Marijuana wasn’t illegal in the US until 1937
Today I learned that marijuana, “the most widely used illicit substance in the world,” was not illegal in the United States until 1937, the law was debated only 90 seconds, the American Medical Association was the only one who defended the idea that marijuana was not dangerous, and the government lied about the AMA’s lack of support:
Rep. Robert L. Doughton of North Carolina introduced the Act in Congress on April 14, 1937 to criminalize the recreational use of marijuana through prohibitive taxation. The bill was the brainchild of Commissioner Anslinger who later testified before Congress in support of the bill. Congress held only two hearings to debate the merits of marijuana prohibition. The hearings totaled just one hour… Federal witness Harry Anslinger testified before the House Ways and Means Committee that “this drug is entirely the monster-Hyde, the harmful effect of which cannot be measured.” He was joined by Assistant General Counsel for the Department of the Treasury, Clinton Hester, who affirmed that the drug’s eventual effect on the user “is deadly.” These statements summarized the federal government’s official position and served as the initial justification for criminalizing marijuana smoking…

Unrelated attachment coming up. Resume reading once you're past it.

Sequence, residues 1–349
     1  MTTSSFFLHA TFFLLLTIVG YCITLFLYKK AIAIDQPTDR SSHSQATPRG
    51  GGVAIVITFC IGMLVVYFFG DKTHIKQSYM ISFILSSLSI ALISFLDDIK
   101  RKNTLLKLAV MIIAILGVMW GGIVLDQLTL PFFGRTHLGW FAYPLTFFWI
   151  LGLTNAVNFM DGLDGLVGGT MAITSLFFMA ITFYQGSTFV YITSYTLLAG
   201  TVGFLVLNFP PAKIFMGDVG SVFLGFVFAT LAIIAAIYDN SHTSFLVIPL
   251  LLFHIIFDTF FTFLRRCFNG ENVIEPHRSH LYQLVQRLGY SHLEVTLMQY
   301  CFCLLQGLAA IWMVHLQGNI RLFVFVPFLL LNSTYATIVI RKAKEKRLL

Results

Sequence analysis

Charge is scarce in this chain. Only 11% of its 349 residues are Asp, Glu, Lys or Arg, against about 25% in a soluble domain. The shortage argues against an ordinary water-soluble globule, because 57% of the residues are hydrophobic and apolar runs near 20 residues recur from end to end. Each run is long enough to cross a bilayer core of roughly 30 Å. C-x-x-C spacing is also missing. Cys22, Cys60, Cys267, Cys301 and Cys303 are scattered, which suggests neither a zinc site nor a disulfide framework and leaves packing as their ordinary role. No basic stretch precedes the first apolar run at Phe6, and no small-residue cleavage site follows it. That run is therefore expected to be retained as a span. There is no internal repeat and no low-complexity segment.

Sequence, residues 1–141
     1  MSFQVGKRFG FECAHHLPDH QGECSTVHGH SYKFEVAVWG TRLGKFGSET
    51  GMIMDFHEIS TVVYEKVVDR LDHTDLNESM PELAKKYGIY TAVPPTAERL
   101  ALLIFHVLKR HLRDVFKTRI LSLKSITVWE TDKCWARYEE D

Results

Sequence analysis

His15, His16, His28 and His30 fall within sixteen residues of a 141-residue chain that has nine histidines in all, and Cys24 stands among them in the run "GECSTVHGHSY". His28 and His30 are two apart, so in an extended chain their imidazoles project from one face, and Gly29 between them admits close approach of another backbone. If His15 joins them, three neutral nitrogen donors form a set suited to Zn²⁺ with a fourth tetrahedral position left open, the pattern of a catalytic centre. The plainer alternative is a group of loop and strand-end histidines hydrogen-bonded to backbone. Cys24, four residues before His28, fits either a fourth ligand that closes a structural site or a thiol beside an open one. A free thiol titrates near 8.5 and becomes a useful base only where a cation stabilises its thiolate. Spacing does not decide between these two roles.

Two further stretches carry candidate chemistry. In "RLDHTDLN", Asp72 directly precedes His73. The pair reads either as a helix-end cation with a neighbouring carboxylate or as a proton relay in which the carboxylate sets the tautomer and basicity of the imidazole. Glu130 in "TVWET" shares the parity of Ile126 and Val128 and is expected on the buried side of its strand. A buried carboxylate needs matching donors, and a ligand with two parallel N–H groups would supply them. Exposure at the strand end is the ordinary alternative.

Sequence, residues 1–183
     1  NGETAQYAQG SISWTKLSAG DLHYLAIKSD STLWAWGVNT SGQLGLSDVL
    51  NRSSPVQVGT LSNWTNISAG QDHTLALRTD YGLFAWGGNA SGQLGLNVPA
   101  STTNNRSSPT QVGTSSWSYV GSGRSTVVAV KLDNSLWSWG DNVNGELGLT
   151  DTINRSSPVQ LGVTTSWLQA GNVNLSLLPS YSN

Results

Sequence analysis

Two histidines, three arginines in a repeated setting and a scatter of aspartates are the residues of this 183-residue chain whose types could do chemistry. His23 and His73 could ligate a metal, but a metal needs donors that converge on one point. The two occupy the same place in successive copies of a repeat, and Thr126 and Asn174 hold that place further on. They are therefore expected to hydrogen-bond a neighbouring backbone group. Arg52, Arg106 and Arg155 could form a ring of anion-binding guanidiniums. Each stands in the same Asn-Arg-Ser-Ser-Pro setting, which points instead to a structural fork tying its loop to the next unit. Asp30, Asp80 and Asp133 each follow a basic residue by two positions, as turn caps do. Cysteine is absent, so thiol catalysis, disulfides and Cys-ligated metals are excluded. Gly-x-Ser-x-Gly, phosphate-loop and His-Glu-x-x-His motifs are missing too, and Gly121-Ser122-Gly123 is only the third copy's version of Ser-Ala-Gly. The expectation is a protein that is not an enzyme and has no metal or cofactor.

The American Medical Association (AMA) represented the lone voice against marijuana prohibition before Congress. AMA Legislative Counsel Dr. William C. Woodward testified, “There is no evidence” that marijuana is a dangerous drug. Woodward challenged the propriety of passing legislation based only on newspaper accounts and questioned why no data from the Bureau of Prisons or the Children’s Bureau supported the FBN’s position. He further argued that the legislation would severely compromise a physician’s ability to utilize marijuana’s therapeutic potential. Surprisingly, the committee took little interest in Woodward’s testimony and told the physician, “If you want to advise us on legislation, you ought to come here with some constructive proposals … rather than trying to throw obstacles in the way of something that the federal government is trying to do.”
…After just one hearing, the Ways and Means Committee approved the “Marihuana Tax Act.” The House of Representatives followed suit on August 20 after engaging in only 90 seconds of debate. During this abbreviated floor “discussion,” only two questions were asked. First, a member of congress from upstate New York asked Speaker Sam Rayburn to summarize the purpose of the bill. Rayburn replied, “I don’t know. It has something to do with a thing called marijuana. I think it is a narcotic of some kind.”
The same representative then asked, “Mr. Speaker, does the American Medical Association support the bill?” Falsely, a member of the Ways and Means Committee replied, “Their Doctor Wharton (sic) gave this measure his full support … [as well as] the approval [of] the American Medical Association.” …Following this brief exchange of inaccurate information, the House approved the federal prohibition of marijuana without a recorded vote.